It didn’t take long after the announcement of a musical Supergirl-Flash crossover for rumor mills to jump the gun with reports of Joss Whedon and Neil Patrick Harris, when in reality producers have only just begun assembling the four-way crossover. Now, DC boss Greg Berlanti updates on the musical, including a writer “we’re really excited about.”
The third year of CW crossovers was already big enough between The Flash, Arrow and Legends of Tomorrow, before Supergirl unexpectedly flew into the fray. And while most details of the four-way teamup remain under wraps, producers suggest that Supergirl itself will play a limited role in the upcoming crossover.
The moment DC TV power-player Greg Berlanti had in mind to develop Black Lightning as its own series, we knew it’d move fast. So it is, that FOX has nabbed the new DC drama, with a pilot production commitment for the future.
Back in May we learned that the DCEU’s dark, dingy corners might have a little light shined into them by way of Booster Gold, the cocky, funny, quick-witted fellow form the future who steals some high-tech gear and travels back in time to the present day in order to make a name for himself as a superhero. Now we’ve learned that the Booster Gold movie won’t be involved in the DC cinematic universe at all.
As news of the 2016-2017 television season begins to take shape like an ever growing eldritch horror, The CW today announced its plans plans for the upcoming year, including when we can expect Greg Berlanti and Roberto Aguirre-Sacasa's Twin Peaks inspired Archie Comics adaptation Riverdale.
There have been plenty of rumors to suggest that Warner Bros. is aware of the problems with Batman v Superman: Dawn of Justice, and although it’s going to be fairly difficult for the studio to course-correct, there are a few optimistic cards on the table. One of them is a Booster Gold movie, with WB reportedly setting Thor and X-Men: First Class scribe Zack Stentz to develop a screenplay with — here’s the best part — DC TV’s Greg Berlanti producing.
While the the first female-led superhero film to arrive in theaters is still a few years off, the vacuum will be filled this coming Monday in TV land. Yes, Supergirl will soon beat the likes of Wonder Woman, Captain Marvel, Black Widow and even Jessica Jones to the punch as the first female superhero to get her own live-action starring vehicle this century. DC Comics and Warner Bros. have had some success in the serialized drama arena with Arrow and The Flash, but even from the earliest marketing you could tell Supergirl was carving a different path, and not just because she's on another network.
This week we were given an early look at the upcoming pilot for Supergirl, and it's clear the series will be taking a much lighter approach to its hero's journey than the more gritty street-level action of Arrow or even the sci-fi turmoil of The Flash.
While that's a fresh approach given the recent climate of superhero fare, the first episode isn't without its flaws. After viewing it, we took part in a conversation with producers Ali Adler, Greg Berlanti and Andrew Kreisberg (both also responsible for Arrow and The Flash), as well as the new Supergirl herself, Melissa Benoist, to discuss the show, where it's headed, and the challenges of making a nigh-invulnerable lead vulnerable.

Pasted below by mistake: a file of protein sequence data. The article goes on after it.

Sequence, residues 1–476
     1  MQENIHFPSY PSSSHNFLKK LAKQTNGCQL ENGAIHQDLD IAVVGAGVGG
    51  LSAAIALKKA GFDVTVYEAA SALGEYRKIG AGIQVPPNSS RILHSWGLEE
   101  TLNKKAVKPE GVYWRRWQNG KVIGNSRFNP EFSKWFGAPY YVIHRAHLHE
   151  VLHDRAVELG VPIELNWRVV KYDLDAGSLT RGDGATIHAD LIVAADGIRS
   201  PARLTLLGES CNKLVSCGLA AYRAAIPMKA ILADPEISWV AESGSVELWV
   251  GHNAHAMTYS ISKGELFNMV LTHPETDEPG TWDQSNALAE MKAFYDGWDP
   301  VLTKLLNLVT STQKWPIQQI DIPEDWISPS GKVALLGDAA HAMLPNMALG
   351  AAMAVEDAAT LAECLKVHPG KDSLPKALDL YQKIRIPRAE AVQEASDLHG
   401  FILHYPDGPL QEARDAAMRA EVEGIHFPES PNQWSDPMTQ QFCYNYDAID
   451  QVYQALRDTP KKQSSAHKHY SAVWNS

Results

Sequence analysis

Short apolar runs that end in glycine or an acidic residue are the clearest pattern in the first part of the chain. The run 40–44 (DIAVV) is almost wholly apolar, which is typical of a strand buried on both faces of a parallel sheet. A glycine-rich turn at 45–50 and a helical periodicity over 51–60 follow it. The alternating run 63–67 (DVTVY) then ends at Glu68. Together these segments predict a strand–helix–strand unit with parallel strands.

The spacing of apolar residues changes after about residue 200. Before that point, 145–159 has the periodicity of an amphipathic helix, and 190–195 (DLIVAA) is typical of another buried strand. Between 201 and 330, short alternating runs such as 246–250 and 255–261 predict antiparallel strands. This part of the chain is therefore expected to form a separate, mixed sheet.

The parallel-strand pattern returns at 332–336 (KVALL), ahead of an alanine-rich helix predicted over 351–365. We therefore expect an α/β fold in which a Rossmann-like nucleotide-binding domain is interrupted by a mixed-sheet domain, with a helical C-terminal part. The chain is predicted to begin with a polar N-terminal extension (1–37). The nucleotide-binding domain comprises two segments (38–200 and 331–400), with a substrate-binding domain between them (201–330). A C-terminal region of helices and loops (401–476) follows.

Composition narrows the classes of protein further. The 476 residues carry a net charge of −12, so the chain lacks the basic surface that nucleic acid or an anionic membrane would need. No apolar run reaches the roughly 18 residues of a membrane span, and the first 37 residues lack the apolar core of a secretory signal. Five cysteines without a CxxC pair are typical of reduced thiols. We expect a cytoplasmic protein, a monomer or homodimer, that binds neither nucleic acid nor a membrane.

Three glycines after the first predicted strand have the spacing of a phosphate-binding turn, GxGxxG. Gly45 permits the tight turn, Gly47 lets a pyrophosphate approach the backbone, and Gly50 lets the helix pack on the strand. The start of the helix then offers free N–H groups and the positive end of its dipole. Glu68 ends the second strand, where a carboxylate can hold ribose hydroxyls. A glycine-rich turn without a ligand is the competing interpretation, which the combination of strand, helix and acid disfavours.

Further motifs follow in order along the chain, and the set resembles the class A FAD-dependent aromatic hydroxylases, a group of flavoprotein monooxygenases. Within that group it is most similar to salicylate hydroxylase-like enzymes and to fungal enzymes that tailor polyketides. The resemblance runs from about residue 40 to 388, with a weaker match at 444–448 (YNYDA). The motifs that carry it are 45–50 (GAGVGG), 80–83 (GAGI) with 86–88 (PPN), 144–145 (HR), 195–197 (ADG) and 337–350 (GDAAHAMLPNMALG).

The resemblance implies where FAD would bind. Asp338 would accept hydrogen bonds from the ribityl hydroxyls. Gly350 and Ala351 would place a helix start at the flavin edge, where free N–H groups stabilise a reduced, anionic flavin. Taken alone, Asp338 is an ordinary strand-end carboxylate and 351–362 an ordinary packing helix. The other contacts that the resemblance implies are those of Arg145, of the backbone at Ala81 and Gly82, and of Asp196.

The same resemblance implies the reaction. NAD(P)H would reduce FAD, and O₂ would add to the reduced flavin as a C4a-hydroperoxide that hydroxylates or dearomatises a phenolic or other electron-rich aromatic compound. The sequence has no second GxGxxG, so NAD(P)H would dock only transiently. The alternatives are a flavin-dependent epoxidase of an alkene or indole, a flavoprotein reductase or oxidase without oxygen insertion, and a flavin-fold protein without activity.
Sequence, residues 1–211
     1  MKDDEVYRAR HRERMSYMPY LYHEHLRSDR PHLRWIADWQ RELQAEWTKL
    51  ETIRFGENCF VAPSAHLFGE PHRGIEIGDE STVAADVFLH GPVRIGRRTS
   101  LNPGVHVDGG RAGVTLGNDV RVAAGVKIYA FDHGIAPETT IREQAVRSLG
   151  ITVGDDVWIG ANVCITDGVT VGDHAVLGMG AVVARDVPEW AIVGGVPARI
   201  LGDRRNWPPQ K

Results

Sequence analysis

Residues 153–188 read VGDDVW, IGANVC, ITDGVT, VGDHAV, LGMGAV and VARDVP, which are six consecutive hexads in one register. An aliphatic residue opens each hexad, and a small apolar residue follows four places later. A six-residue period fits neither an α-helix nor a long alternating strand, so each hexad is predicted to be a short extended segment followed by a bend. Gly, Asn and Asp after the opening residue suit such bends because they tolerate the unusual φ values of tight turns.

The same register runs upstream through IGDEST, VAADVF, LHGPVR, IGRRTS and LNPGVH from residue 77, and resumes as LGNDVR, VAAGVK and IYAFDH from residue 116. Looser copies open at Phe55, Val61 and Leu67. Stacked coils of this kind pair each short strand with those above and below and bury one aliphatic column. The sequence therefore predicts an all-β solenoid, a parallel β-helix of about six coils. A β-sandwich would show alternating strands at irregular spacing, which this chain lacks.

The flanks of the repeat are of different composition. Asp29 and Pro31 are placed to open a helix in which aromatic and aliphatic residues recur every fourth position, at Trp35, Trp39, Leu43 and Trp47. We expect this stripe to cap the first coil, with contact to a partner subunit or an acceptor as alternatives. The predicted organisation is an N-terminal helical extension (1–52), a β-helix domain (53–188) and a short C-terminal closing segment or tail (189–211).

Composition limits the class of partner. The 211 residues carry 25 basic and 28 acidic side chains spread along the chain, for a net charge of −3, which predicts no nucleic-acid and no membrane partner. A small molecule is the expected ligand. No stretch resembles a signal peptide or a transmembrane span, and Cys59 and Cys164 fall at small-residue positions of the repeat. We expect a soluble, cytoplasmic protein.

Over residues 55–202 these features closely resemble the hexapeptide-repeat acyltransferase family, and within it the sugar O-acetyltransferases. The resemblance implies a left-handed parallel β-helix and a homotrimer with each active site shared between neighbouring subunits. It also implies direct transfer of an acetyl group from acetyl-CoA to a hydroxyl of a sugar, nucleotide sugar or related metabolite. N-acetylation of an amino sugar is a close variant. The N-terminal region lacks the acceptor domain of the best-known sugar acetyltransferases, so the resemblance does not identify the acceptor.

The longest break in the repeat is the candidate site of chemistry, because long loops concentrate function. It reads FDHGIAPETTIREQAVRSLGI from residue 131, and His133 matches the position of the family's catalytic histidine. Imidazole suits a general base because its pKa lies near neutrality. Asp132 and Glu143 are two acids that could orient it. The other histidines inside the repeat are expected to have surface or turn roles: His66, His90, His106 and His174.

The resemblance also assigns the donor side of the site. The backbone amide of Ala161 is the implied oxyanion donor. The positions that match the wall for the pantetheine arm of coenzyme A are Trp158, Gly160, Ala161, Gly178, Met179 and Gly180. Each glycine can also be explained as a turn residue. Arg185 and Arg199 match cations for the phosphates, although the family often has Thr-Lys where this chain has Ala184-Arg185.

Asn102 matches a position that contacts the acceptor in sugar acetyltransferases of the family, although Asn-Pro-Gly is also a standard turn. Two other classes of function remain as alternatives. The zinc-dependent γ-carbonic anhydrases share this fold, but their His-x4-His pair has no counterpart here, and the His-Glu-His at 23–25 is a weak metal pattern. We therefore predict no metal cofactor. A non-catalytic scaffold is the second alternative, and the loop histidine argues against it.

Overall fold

Pretty actor/model/actor-model Steven R. McQueen has departed his role in the TV show The Vampire Diaries, where he played "pretty fella who never does anything but his sister his really into vampires," in order to... well, no-one knows what he plans to do next. But the actor has long been lobbying for the chance to bring the DC superhero Nightwing to the screen, and with a Nightwing-based Titans TV show in development at TNT, it seems likely that McQueen has landed his dream role.
Speaking to The Hollywood Reporter, Vampire Diaries executive producer Julie Plec pointedly noted that McQueen would be welcome to return to the show, "unless he finally gets his wish to play a superhero and he’s unavailable." As hints go, that seems like a heavy one. But is McQueen the right heartthrob to play comics' premiere hunk?
Pretty soon we'll be surprised to find out that TV shows that aren't based on comics are being developed.
The newest comics-based show coming to the airwaves is Riverdale, an Archie Comics series that has been picked up by Fox. Arrow and The Flash producer Greg Berlanti's production studio will produce the show, and the pilot will be written by Roberto Aguirre-Sacasa, Archie Comics' chief creative officer and writer of Afterlife with Archie. According to an Archie Comics press release, the show will be more like Twin Peaks than Leave it to Beaver.
Last week there was talk that a Supergirl TV show was in development from Arrow and Flash executive producer Greg Berlanti. This week CBS has jumped straight to a series order for the show, meaning Supergirl is just about guaranteed to make it to air (or else the network pay a hefty kill fee) -- and we can all start wildly speculating about who they'll cast as the lead and which version of the character will make it to the screen.